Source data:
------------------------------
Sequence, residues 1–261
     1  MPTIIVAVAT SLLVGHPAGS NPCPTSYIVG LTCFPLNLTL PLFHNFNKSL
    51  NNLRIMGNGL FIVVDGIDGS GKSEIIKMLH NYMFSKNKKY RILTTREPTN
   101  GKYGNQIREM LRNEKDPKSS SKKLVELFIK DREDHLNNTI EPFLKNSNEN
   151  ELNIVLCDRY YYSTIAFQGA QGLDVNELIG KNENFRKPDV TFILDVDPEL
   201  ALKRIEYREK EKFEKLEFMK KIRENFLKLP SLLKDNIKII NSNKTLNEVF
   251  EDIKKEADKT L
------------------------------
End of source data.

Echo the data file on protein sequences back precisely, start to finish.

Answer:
Sequence, residues 1–261
     1  MPTIIVAVAT SLLVGHPAGS NPCPTSYIVG LTCFPLNLTL PLFHNFNKSL
    51  NNLRIMGNGL FIVVDGIDGS GKSEIIKMLH NYMFSKNKKY RILTTREPTN
   101  GKYGNQIREM LRNEKDPKSS SKKLVELFIK DREDHLNNTI EPFLKNSNEN
   151  ELNIVLCDRY YYSTIAFQGA QGLDVNELIG KNENFRKPDV TFILDVDPEL
   201  ALKRIEYREK EKFEKLEFMK KIRENFLKLP SLLKDNIKII NSNKTLNEVF
   251  EDIKKEADKT L